Grade AA Cherry Shrimp not shipping until 8/10
Some of the NICEST and REDDEST shrimp you can find!!
Scientific Name: Neocaridina heteropoda
Other Scientific Names: Neocaridina denticulata sinensis
Common Name: Red Cherry Shrimp
Other Common Names: Cherry Shrimp, Cherry Red Shrimp, RCS
Found in the wild: No
|PH Range: 6.2 - 8.0
Temperature Range: 65 - 85
Hardness Range:3 - 15 dkh
Life Span: 1 - 2 years
Gestation Period: 30 days
|Ideal pH: 7.2
Ideal Temperature: 75
Ideal Hardness: 8 dkh
Size: Approx. 1/2"
Red Cherry Shrimp History
The Red Cherry Shrimp is the red color variation of the wild Neocaridina heteropoda. This color variation was originally bred in Germany and started to appear in The United States in the late 1990's.
The Cherry Red Shrimp is an undemanding shrimp in its care requirements. They should be kept in a well established aquarium with no predators. The most important factor for water parameter is stability. And as long as none of the water parameters are in the extremes, Red Cherry Shrimp should be happy and healthy. Want to know how to get even redder red shrimps?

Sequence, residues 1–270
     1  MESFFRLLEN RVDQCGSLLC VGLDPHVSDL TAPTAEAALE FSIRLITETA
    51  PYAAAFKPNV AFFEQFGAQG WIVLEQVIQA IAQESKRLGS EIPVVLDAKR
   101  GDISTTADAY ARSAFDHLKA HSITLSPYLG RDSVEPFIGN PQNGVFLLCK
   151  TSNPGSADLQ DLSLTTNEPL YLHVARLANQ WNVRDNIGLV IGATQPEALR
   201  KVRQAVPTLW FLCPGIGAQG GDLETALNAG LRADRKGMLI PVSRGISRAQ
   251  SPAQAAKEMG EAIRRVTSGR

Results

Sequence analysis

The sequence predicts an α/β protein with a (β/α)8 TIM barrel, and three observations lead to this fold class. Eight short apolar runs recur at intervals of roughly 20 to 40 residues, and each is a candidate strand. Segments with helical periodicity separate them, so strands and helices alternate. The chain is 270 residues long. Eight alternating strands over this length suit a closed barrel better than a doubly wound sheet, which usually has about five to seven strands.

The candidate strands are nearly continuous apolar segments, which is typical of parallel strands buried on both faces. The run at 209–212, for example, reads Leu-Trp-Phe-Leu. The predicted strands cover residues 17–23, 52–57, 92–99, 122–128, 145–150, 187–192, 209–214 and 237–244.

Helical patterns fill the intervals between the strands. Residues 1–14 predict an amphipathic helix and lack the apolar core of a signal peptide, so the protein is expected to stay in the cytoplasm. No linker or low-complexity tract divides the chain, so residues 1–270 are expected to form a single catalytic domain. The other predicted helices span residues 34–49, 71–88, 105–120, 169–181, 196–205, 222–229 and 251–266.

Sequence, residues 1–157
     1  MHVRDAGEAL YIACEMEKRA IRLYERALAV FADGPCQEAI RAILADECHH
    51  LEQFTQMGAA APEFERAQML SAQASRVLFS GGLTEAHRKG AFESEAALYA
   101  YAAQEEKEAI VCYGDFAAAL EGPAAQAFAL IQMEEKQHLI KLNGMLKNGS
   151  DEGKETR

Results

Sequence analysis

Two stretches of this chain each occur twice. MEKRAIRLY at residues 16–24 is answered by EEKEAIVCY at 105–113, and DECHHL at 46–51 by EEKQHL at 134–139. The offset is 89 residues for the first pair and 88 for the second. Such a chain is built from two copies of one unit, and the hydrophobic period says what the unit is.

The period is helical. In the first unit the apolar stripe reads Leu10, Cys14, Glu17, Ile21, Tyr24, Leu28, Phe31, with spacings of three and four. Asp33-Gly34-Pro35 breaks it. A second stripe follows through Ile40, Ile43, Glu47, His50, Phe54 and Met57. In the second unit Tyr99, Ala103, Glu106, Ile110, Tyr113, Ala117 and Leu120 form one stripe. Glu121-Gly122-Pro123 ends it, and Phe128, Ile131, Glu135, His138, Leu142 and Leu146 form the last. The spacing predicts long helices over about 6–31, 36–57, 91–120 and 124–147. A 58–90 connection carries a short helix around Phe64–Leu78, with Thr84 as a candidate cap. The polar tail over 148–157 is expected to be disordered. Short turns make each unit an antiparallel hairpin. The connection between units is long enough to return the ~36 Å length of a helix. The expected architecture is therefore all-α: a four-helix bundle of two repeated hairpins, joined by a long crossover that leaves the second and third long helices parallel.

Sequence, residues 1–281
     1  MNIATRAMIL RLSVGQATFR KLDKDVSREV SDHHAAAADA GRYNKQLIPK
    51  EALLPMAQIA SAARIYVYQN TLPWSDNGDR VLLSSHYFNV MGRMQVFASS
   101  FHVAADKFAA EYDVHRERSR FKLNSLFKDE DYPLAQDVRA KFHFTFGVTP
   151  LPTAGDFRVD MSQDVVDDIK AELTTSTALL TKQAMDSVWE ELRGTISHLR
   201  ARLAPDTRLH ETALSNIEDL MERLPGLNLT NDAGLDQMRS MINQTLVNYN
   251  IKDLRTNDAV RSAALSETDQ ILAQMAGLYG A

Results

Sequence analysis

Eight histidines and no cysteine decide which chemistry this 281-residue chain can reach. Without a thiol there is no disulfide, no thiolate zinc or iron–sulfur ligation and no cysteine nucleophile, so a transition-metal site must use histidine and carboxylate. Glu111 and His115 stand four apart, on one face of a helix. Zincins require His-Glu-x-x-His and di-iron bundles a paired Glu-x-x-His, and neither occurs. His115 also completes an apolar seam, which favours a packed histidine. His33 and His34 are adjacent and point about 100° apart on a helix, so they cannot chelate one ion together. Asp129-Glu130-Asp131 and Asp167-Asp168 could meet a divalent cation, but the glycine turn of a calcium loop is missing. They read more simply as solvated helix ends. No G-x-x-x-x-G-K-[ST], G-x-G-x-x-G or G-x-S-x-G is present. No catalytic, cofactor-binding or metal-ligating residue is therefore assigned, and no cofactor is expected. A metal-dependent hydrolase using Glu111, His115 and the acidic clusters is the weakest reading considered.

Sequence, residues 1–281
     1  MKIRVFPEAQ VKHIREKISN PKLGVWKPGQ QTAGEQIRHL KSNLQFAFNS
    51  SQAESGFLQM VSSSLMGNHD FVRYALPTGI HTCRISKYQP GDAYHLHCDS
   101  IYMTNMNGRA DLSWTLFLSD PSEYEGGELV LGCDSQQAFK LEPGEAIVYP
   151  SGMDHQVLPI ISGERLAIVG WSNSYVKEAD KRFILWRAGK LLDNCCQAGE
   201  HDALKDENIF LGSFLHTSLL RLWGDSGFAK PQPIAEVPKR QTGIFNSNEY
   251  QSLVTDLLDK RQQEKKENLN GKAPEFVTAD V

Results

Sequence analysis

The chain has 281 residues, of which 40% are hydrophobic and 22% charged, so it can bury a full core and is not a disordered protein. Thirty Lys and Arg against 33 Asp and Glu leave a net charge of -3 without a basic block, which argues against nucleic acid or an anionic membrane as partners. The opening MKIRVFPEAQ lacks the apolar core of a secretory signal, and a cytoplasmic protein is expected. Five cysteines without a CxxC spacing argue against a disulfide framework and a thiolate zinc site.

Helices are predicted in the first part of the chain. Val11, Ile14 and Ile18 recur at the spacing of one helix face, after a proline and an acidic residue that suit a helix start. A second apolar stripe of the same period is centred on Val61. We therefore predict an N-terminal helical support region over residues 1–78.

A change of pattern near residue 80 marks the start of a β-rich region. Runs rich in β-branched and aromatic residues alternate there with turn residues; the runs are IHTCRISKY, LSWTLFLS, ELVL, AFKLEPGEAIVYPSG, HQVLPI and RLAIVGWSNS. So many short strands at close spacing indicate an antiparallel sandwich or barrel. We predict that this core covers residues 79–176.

This aquarium freshwater shrimp is an Omnivore. They are decent algae eaters, and if sufficient algae is not present, foods intended for aquarium fish and invertebrates can be used to supplement their diet. Another great supplement is blanched (boiled until soft) vegetables.
Red Chery Shrimp Breeding
If a male and a female are present in a well cared for aquarium, the Cherry Shrimp will breed. Females are larger and much more colorful, males are smaller and display a clear coloration with red spots. When the female is mature she will often times display a saddle (as seen in the insert). The saddle is the eggs developing in the females ovaries.
Cherry Shrimp are very non-aggressive. They spend most of the day grazing on plants, gravel and any other tank decorations for algae and other types of foods. Red Cherry Shrimp will get along very well with any other type of dwarf shrimp that is non-aggressive. When the Red Cherry Shrimp is kept in an aquarium that has no predators, they are very active and only hide after molting (shedding exoskeleton to enable growth).
As with all aquatic invertebrates, it is important to make sure copper does not get into the aquarium. Copper is toxic to all Dwarf Shrimp. Many medications contain elevated levels of copper, so it is recommended not to medicate an aquarium containing Dwarf Shrimp.